Myanmar Set to Embrace a Mobile Internet Revolution (Newsweek)

MySQUAR, an online “social and entertainment” company that operates in Myanmar, will float in London in mid-May.

Although its content is rendered in Burmese and locally derived, MySQUAR has been globally conceived: headquartered in Vietnam, incorporated in the Virgin Islands, with a Comorian CEO and a British chairman based in Singapore.

With 53.5 million people, Myanmar is the last significant South-East Asian country to embrace economic freedom. Since military rule ended in 2011, Myanmar’s “spring” has sprung and Democratic elections are due in November (although the president has hinted at delays).

Consumer goods giants Unilever, Diageo and Coca-Cola have all moved in. The Yangon Stock Exchange opens in October. Teams of lawyers are swarming in: as Piers Pottinger, chairman of MySQUAR and co-founder of high-end British PR consultancy Bell Pottinger, says: “Where money goes, lawyers follow.”

Myanmar’s economy is rice, gems, textiles, oil, gas, coal and tourism. However, the sector that will catalyse these industries is mobile telephony. Myanmar is ready to “take one mighty leap from being the world’s third least penetrated mobile market (summer 2013) to having 75-80% national 3G/4G-ready coverage by March 2016,” says a report from Beaufort Securities.

But more exciting than mobile networks is the internet access they give. Welcome to the land of the internet virgin. Only one million people in Myanmar are online. Few own laptops, and Myanmar has no legacy telecoms infrastructure, so all online growth will be mobile-derived. “Mobile is becoming the country’s overwhelmingly dominant online access technology,” says Beaufort.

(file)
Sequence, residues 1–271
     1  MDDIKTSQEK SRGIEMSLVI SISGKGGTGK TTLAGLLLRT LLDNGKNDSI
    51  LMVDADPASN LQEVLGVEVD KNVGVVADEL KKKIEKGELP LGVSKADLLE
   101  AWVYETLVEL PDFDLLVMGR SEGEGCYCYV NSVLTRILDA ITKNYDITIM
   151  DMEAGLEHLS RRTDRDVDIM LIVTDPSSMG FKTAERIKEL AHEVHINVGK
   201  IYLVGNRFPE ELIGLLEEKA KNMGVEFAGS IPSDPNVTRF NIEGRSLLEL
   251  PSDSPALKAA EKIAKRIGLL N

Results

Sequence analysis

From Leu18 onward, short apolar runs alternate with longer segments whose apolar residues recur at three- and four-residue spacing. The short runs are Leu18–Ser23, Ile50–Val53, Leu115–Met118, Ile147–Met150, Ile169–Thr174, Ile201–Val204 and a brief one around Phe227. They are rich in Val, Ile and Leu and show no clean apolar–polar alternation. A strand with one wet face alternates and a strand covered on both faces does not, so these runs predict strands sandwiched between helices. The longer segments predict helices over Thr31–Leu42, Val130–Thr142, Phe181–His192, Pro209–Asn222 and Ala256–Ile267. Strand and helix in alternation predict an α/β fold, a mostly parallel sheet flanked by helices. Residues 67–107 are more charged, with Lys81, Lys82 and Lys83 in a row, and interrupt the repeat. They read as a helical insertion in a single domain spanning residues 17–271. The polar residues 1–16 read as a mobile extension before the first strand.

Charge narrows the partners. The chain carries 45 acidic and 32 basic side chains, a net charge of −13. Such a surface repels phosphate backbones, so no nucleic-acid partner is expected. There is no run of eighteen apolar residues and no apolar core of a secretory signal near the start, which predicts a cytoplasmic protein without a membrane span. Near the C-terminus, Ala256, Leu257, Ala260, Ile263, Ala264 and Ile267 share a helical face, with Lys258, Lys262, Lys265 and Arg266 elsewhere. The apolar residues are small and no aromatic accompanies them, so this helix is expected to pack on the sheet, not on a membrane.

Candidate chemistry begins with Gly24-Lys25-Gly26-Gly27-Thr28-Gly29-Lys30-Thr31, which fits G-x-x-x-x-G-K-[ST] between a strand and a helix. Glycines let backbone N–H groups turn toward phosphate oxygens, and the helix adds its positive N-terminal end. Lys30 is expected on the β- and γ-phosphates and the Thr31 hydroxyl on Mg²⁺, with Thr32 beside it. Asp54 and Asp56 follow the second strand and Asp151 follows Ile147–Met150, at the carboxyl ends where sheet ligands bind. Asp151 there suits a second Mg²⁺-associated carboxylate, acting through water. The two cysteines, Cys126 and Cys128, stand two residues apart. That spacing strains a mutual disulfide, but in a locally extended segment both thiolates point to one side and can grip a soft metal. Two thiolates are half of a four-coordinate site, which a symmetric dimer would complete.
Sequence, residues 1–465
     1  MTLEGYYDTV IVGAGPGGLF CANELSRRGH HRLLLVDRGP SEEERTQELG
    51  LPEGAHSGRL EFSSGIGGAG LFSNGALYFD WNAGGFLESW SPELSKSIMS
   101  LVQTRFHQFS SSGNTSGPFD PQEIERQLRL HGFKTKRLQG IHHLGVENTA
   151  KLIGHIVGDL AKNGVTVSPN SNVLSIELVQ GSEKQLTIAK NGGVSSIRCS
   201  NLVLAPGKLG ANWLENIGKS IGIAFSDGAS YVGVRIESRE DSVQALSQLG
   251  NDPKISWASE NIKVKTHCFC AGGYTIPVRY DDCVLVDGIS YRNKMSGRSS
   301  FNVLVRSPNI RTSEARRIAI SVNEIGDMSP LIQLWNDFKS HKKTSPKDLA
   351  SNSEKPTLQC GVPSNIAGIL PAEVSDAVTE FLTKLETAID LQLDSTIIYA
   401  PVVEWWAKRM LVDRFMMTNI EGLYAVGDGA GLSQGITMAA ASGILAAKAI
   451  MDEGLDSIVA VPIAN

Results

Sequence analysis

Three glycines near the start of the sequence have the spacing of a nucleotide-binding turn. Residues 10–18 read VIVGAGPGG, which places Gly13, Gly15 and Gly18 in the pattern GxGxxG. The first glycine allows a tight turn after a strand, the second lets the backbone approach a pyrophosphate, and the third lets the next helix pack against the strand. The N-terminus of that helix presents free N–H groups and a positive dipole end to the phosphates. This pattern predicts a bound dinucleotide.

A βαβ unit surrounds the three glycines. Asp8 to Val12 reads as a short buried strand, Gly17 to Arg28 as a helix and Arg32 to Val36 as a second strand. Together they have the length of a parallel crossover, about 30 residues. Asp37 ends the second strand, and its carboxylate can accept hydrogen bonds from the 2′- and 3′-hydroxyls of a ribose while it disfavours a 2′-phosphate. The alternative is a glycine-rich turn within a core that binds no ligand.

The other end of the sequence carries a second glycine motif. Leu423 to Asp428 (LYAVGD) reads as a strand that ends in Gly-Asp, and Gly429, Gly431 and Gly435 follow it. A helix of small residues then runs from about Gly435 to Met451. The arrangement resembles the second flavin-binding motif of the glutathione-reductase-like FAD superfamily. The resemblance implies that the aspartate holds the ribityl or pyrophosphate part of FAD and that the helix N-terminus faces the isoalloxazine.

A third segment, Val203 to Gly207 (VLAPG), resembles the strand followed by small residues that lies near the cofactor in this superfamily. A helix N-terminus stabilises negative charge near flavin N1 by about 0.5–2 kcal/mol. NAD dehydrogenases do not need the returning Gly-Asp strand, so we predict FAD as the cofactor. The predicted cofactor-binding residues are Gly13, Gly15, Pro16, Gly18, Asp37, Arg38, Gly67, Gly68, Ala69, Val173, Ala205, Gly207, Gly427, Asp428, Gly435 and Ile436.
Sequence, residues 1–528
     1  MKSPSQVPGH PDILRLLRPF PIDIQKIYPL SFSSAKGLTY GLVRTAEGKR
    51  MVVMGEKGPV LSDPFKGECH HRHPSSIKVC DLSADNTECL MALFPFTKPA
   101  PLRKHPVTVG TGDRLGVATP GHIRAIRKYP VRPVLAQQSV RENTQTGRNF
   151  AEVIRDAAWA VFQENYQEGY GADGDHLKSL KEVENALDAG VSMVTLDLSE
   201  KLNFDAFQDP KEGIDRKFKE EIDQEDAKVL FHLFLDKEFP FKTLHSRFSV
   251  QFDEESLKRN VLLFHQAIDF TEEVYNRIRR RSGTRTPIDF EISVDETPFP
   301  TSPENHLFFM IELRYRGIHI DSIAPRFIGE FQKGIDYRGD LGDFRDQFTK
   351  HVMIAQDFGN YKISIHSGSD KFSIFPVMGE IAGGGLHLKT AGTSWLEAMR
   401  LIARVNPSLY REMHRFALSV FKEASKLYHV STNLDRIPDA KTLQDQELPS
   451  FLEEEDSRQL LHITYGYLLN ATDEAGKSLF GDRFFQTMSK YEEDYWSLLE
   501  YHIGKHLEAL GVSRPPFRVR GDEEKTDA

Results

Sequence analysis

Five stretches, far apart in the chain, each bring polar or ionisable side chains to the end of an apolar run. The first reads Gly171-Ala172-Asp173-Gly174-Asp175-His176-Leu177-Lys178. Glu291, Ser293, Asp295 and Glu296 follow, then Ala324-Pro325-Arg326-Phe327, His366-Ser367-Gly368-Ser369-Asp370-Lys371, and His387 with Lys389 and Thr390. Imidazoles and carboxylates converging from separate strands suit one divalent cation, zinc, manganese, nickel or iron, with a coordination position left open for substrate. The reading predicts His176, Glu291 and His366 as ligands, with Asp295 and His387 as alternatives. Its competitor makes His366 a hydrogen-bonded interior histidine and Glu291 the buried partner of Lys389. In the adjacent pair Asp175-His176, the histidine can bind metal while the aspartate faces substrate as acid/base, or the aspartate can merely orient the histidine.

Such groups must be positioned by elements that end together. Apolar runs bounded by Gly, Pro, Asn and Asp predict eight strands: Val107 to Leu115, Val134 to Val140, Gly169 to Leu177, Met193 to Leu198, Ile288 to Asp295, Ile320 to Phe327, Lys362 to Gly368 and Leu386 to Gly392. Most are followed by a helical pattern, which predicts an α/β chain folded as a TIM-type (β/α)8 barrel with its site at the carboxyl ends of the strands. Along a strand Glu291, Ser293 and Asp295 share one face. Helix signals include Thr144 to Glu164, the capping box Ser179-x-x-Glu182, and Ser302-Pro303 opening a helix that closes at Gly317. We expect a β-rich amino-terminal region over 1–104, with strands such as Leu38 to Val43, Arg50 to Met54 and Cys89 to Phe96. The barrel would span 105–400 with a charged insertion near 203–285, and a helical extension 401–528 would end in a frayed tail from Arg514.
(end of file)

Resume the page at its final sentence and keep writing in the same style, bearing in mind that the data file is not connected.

Swaths of Myanmar can now pole-vault the entire Industrial Revolution. A largely peasant society, knee-deep in paddy fields, will overnight be lifted into an online, boil-in-the-bag, fast-forward economy. Mobile is the saviour, driver and beneficiary of Myanmar’s spring.

“Our biggest revenue stream will be third-party payments,” says Pottinger. “It’s the PayPal of Myanmar! MySQUAR will become the driving force behind the online economy.”

So, what could go wrong? Take your pick: U.S. sanctions, minimal regulation, lack of spoken English, corruption, poor infrastructure, a national grid so dodgy that mobile telephone masts need their own supply. The social structure is complex: 60 tribes, not all friendly. Oh, and did I mention the civil war?

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